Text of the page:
Since the 1930s, conventional managerial wisdom held that seven to 10 direct reports was optimal. However, the Wall Street Journal reports that this notion is being challenged.
Assigning more workers to each boss started catching on during the corporate restructuring pushes of the late 1980s and early 1990s, when flatter organizational models took hold. Now some consultants are urging companies to loosen their views of supervising, so organizations can run with fewer bosses. Research in Europe suggests that a manager can oversee 30 or more employees, in part by using technology to communicate and help monitor work. . . . The researchers offered several possible reasons for managers' increased span of control, the technical term for how many workers are being supervised. Improved communications techniques may "help managers leverage their knowledge, solve more problems and supervise larger teams," they wrote.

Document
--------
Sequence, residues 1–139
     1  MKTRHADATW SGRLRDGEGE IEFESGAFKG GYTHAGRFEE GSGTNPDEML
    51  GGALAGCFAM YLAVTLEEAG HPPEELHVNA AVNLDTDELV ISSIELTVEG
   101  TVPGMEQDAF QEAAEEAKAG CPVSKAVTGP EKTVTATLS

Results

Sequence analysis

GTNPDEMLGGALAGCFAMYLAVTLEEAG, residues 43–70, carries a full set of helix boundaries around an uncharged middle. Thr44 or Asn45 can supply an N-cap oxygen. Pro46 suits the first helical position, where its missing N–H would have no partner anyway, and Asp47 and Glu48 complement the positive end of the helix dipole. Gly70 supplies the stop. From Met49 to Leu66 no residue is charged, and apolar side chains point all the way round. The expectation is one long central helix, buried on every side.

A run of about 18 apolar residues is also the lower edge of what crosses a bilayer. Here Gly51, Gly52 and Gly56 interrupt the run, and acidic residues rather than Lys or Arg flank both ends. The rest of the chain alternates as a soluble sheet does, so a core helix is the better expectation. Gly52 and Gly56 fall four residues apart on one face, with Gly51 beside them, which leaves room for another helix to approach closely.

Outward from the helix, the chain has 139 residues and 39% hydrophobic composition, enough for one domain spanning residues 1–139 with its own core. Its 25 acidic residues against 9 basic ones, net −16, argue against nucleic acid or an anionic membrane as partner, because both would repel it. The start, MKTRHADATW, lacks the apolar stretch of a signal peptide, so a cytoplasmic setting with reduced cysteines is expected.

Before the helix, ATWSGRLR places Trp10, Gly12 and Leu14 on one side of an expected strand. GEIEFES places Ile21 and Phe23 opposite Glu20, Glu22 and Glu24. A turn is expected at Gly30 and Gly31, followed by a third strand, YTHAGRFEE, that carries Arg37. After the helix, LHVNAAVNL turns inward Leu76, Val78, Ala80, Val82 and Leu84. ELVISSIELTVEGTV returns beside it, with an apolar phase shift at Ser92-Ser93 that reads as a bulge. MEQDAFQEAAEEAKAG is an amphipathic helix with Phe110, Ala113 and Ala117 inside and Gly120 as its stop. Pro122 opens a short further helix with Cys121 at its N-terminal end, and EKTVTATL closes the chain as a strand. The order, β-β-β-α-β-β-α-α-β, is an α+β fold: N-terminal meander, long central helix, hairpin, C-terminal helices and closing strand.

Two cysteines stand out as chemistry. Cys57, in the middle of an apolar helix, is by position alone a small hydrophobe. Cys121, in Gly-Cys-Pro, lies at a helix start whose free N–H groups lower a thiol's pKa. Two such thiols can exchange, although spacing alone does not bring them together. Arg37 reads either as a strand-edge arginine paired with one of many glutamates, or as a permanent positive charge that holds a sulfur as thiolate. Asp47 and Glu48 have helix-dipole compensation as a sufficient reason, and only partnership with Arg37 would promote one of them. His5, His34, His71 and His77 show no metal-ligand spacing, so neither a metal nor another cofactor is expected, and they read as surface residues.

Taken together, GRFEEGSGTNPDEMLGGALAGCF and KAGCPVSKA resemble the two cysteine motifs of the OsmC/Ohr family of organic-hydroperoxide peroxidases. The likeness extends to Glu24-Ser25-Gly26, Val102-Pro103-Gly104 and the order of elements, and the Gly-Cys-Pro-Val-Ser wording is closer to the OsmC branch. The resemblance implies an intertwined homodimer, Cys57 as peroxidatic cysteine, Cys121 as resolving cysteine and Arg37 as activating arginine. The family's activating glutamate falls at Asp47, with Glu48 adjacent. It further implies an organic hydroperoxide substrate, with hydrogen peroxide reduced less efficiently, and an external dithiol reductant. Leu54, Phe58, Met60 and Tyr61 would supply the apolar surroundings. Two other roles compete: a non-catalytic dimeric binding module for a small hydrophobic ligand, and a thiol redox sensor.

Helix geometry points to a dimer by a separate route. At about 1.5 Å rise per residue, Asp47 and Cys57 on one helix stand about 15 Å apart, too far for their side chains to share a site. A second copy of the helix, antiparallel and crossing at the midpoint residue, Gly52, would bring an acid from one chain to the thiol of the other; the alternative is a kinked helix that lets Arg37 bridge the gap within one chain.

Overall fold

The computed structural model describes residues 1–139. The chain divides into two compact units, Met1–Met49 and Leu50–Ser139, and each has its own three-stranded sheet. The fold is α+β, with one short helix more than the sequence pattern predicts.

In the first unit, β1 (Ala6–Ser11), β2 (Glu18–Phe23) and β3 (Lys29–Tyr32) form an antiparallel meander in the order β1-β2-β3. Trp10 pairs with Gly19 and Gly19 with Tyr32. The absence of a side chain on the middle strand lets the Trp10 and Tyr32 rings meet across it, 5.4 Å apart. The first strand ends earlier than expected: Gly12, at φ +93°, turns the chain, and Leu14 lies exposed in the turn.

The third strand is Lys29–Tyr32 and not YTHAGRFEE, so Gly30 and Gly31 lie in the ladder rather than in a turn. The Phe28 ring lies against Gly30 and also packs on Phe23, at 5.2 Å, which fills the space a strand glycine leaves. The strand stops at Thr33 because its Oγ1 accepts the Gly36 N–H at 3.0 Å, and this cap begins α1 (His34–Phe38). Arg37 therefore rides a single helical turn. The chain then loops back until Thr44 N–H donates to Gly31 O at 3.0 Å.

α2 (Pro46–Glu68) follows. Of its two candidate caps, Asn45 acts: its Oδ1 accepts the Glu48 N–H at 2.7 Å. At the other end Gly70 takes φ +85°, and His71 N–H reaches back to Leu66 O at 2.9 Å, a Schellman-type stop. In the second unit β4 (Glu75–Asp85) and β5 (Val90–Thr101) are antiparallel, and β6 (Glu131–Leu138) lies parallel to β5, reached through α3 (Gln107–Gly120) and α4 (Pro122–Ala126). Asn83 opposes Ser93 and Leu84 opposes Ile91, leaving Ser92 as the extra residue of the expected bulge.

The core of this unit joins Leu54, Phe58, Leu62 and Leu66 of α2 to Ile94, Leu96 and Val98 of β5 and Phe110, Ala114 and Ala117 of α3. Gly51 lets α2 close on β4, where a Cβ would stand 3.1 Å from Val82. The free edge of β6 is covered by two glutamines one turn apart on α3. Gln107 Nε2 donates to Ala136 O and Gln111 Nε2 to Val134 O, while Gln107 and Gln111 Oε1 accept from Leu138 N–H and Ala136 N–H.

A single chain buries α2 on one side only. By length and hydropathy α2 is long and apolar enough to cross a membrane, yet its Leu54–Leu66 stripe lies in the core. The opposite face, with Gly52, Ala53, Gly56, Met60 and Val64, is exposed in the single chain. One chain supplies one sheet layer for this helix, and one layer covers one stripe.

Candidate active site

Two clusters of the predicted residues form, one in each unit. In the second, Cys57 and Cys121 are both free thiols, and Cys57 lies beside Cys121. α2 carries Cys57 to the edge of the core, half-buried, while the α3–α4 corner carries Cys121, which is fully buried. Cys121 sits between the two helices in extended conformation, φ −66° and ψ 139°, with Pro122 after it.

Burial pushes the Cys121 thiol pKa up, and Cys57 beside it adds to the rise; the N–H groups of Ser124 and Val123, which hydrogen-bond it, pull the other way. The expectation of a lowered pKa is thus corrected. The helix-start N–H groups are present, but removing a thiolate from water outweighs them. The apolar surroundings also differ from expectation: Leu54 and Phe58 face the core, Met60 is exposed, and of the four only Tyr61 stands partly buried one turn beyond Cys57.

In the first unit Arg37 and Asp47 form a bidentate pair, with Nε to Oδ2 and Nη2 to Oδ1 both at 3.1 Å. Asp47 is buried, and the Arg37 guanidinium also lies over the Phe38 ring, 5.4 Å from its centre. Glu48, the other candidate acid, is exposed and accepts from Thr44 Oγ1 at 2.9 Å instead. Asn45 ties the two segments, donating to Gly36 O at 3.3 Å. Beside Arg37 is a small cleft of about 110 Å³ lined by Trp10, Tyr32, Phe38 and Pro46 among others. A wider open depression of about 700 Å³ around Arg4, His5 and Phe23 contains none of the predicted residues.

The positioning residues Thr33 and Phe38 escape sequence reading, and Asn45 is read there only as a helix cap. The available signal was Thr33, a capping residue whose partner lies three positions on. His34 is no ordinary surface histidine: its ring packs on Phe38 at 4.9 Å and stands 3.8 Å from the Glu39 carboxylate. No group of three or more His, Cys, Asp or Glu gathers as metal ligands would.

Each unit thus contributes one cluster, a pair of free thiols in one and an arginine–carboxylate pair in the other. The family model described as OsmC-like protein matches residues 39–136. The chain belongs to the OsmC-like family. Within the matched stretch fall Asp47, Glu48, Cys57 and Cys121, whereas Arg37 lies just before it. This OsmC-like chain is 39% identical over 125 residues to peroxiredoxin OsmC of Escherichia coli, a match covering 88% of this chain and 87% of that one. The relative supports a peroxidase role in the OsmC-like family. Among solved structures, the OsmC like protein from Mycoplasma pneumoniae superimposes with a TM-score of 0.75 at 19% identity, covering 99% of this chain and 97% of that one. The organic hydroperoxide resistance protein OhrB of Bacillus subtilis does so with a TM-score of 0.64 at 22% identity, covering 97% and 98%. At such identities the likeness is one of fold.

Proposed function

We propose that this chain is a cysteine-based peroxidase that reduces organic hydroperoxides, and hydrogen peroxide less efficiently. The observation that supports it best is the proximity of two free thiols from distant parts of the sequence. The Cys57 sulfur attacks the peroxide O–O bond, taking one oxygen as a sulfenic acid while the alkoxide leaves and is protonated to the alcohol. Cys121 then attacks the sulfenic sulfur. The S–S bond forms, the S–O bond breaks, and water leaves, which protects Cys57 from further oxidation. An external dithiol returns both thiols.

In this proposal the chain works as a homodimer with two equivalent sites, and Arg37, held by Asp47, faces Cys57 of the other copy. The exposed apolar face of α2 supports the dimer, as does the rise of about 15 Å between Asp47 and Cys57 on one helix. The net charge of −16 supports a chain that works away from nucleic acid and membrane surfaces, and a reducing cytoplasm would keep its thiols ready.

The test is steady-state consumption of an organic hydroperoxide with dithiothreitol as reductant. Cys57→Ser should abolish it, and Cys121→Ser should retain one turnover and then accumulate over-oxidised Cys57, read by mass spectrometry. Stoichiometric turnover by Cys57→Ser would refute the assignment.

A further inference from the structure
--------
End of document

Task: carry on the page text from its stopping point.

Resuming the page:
The article mentions email, intranets, and web conferencing as key elements of the better communications techniques. To that point, the president of Cornerstone Research explains that most routine issues can be dealt with by email.
In my experience, however, most people seem to hit the wall around 10 direct reports. Beyond that number, they get overwhelmed with tracking work, solving problems, 1:1 and group meetings, email, etc. To double or triple that number seems impossible.
My question to you: do you manage more than 10 people? If so, how do you do it? What techniques do you use to reduce the burden of meetings? How do you stay on top of email and solve your staff's problems in a timely manner?